Orange Shirt Day is held every year on September 30 to honour the healing journey of residential school survivors and bring awareness to the need for reconciliation. Named after Phyllis Webstad’s favourite orange shirt—taken away from her in 1973 on her first day of residential school—this day has grown from a local event in her community of Williams Lake, B.C. to a statutory holiday.

Since the discovery of the 215 Indigenous children’s bodies in the mass grave at Kamloops Residential School — a number that just keeps on climbing as truth is uncovered at more schools — flags across the country have been flown at half-mast and people have been wearing orange shirts to show their solidarity and commitment to reconciliation.

This year, many activists are encouraging the wearing of orange shirts for Canada Day, too. Educators like Ian Powell of North Vancouver are underlining the importance of reconsidering what makes us Canadian, as settlers of the stolen land on which we reside.

Many local shops are allowing for the purchase or pre-order of orange shirts leading up to September 30. Below, we’ve outlined five designs by local organizations or creators and where the proceeds will be donated to Indigenous causes that will help advance reconciliation and keep these conversations going.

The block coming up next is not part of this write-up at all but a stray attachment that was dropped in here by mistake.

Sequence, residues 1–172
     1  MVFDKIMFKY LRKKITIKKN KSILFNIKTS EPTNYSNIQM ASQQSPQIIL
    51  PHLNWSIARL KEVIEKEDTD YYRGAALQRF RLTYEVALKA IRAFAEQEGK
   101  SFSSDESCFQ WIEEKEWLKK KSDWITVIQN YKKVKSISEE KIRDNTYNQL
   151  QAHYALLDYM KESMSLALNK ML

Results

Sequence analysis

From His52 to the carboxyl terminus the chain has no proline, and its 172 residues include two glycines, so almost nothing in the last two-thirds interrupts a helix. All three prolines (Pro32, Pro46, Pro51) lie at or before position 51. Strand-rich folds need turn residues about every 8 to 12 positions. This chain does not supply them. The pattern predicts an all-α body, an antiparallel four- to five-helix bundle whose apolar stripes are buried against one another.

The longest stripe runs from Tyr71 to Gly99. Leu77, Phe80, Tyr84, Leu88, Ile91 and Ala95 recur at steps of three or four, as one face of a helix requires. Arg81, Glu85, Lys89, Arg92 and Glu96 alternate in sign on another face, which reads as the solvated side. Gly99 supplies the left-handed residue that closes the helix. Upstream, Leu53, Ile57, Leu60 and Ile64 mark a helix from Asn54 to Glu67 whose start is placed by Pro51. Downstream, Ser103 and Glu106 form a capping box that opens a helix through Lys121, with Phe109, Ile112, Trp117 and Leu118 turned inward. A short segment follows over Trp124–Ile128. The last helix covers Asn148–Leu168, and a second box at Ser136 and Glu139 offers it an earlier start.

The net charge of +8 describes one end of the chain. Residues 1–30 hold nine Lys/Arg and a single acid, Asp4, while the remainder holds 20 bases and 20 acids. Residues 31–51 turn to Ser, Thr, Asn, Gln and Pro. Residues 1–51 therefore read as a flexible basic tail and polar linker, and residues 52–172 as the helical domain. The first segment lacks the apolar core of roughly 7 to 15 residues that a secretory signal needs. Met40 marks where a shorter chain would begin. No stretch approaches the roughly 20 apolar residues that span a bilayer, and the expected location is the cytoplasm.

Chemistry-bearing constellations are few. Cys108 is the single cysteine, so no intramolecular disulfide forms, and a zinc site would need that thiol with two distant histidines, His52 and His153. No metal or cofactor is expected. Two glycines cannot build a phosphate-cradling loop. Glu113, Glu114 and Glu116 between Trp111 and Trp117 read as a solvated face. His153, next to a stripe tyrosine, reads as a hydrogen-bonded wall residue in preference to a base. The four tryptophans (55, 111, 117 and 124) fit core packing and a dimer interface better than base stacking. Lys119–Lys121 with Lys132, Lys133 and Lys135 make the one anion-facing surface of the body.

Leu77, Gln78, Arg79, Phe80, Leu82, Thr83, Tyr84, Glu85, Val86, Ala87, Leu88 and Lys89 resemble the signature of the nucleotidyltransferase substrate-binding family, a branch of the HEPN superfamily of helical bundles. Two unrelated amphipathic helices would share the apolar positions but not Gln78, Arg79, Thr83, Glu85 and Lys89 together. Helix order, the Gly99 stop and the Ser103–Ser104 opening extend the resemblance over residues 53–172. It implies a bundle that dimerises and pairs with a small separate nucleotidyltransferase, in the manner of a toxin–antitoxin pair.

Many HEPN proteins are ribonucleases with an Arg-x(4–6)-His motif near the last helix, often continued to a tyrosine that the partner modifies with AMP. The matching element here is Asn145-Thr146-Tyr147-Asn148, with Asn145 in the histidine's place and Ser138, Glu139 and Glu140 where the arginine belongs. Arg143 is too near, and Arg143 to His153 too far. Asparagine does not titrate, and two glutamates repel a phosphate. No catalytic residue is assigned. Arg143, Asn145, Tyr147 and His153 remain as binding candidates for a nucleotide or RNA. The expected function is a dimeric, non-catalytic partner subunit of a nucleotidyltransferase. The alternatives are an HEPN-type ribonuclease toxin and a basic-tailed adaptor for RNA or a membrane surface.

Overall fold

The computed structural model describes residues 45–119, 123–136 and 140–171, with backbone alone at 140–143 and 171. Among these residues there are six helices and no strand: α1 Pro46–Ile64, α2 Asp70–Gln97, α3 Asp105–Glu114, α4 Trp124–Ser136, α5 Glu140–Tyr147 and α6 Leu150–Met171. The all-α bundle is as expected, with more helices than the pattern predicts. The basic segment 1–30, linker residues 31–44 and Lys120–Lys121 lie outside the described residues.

Bear Horne’s Every Child Matters Shirts ($20)

Bear Horne’s Every Child Matters Shirts ($20)

This shirt was designed by Douglas “Bear” Horn. The bear helps us to follow the right path, the eagle is meant to help us envision a bright future, the hummingbird keeps our mind, body and spirit healthy, and the flower feeds the connection of all of the elements shown on the shirt. Proceeds from the sales help Eddy Charlie (a residential school survivor) and friend Kristin Spray, who both started Victoria Orange Shirt Day in 2015 to continue to spread awareness about the effects of residential schools.
Morgan Asoyuf’s Every Child Matters Shirt ($25)

Morgan Asoyuf’s Every Child Matters Shirt ($24)

Designed by Morgan Asoyuf, a Tsimshian artist, net proceeds will be donated to organizations working to undo the generational trauma that residential schools caused.
Every Child Matters Shirt ($25)

Every Child Matters Shirt ($25)

This text-only design is available at Skwachàys Lodge Aboriginal Hotel & Gallery ($25), which isa non-profit registered charity who funds living and work studios for 24 artists in residence at the lodge, run by the Vancouver Native Housing Society, 

 

Shayne Hommy’s Every Child Matters Shirt ($18)

Shayne Hommy’s Every Child Matters Shirt ($18)

The above shirt was designed by Grade 11 student Shayne Hommy from Dawson Creek, B.C. His Moosum attended residential school and he sees Orange Shirt Day as a chance for justice and awareness for Indigenous people. The design showcases three Indigenous girls from different tribes holding hands to represent the unity, resilience and strength of Indigenous People.

KC Hall’s Every Child Matters Shirt ($20)

KC Hall’s Every Child Matters Shirt ($20)

Local Indigenous artist KC Hall designed this shirt for the Urban Native Youth Association. They are available in both adult and youth sizes, all of the proceeds go to UNYA.

 

A 24-hour Indian Residential School Crisis Line to support former residential school students, and those affected, can be reached any time at 1-866-925-4419.